A Few Hidden Gems: Pacific Northwest Fiction

By Jennifer K.

The Pacific Northwest is home to many brilliant and bestselling authors: Macomber, Alexie, Hannah, Le Guin, Stephenson … If you’re interested in the regional literary scene, you probably already know all about those.

I’d like to introduce you to a few Pacific Northwest reads you might not have heard of.

Mink River by Brian Doyle

This magical little novel captures the flavor of an Oregon coast town, while at the same time being completely improbable and strange. Here you’ll find fishermen and cops and out-of work loggers, bars and beaches and rivers. And also talking crows, sentient bears, poetic lyricism and magical realism. Mink River is short on plot and long on charm. It’s not everyone’s cup of tea, but I loved it.

The Game of Love and Death by Martha Brockenbrough

It’s the Great Depression in Seattle. Flora and Henry are from two different worlds. Flora is an African-American from a bad neighborhood, who sings jazz at  night and longs to be a pilot someday. Henry is a rich white boy, an orphan whose financial future is set but whose soul longs for something more. Their love story isn’t any ordinary love story, because the anthropomorphized figures of Love and Death have made a bet on the outcome. This is a completely original story, and the Seattle setting is top-rate.

Exhalation by Ted Chiang

Did you see Arrival, the 2016 science fiction movie with Amy Adams and large floating extraterrestrial obelisk-ship-things? Then you’re already somewhat familiar with the work of Ted Chiang – that film was based on one of his mind-bending speculative stories. Exhalation is a new short-story collection, in which familiar sci-fi tropes like time travel and sentient artificial beings are reborn in Chiang’s visionary imagination.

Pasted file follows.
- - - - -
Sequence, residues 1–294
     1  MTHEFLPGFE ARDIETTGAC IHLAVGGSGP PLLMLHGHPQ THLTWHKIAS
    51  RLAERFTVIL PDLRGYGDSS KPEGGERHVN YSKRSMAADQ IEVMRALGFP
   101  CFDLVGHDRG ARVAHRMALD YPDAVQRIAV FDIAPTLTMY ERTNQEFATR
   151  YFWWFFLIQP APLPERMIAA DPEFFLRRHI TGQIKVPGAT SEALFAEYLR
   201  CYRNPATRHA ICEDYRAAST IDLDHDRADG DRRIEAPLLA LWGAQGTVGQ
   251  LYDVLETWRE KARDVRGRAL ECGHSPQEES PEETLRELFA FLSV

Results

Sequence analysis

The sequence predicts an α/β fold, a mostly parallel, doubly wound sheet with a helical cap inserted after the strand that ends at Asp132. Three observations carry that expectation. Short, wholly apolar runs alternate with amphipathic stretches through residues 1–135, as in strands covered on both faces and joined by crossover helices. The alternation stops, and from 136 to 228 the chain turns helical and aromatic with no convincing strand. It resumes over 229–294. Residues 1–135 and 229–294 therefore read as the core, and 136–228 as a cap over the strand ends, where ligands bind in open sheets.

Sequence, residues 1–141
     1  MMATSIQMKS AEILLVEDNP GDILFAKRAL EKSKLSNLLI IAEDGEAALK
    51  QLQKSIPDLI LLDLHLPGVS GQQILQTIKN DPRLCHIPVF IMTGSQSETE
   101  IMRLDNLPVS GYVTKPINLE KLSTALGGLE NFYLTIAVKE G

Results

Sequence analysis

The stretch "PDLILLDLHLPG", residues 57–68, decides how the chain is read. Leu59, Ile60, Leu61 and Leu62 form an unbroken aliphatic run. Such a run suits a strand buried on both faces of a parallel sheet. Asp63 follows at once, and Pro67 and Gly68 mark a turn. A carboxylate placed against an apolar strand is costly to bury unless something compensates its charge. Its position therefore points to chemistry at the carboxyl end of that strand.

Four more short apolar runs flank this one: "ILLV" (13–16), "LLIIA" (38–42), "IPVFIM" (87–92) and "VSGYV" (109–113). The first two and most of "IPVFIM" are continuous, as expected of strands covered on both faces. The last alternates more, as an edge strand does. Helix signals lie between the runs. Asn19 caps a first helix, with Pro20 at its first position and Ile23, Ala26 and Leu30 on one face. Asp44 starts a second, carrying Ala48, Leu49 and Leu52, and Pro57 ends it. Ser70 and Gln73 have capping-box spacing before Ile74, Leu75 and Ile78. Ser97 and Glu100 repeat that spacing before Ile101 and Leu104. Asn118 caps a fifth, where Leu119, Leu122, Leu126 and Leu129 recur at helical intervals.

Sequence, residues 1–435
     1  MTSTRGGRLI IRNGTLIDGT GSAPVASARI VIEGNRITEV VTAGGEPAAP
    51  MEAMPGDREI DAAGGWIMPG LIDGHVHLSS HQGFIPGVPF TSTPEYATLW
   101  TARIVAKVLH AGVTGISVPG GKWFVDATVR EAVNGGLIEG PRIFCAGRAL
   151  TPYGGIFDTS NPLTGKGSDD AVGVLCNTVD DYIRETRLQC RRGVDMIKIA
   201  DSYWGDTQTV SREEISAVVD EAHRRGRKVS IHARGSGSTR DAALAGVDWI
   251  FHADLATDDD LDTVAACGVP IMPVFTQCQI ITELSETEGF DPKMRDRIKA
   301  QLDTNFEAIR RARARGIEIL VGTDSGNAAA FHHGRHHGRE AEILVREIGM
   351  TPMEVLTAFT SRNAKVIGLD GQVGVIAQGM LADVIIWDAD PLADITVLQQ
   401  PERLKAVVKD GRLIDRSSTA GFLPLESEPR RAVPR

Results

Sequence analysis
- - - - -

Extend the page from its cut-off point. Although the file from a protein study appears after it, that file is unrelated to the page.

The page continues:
Son of a Trickster by Eden Robinson

This is a dark, messy, weird novel about a boy, Jared, who seems like an ordinary teenager: a messed-up kid, son of a too-poor single mom, a kid with too much violence and alcohol and drugs in his life, a kid with no one to turn to. Gradually, though, signs point to the fact that Jared might be something more. Read this for all the dark complexities of Jared’s family and community relationships, and for the subtle influence of the paranormal on his life.

Crescent by Diana Abu-Jaber

And to end on a not-so-dark note, here is an exquisite love story from Portland author Diana Abu-Jaber. Here you will meet Sirine, an Iraqi-American chef who meets a handsome Iraqi refugee and college professor named Hanif. As their relationship plays out, this novel explores themes of identity and exile, and is full of truly delicious descriptions of food.



I know there are more hidden gems out there! If you have a favorite Pacific Northwest novel, tell us about it in the comments.

Tags: , ,


One response to “A Few Hidden Gems: Pacific Northwest Fiction”

  1. Nedelman Deborah says:

    Check out What We Take for Truth. Named to Kirkus Review’s Best Books of 2019! Local author.

Leave a reply (comments are moderated before posting)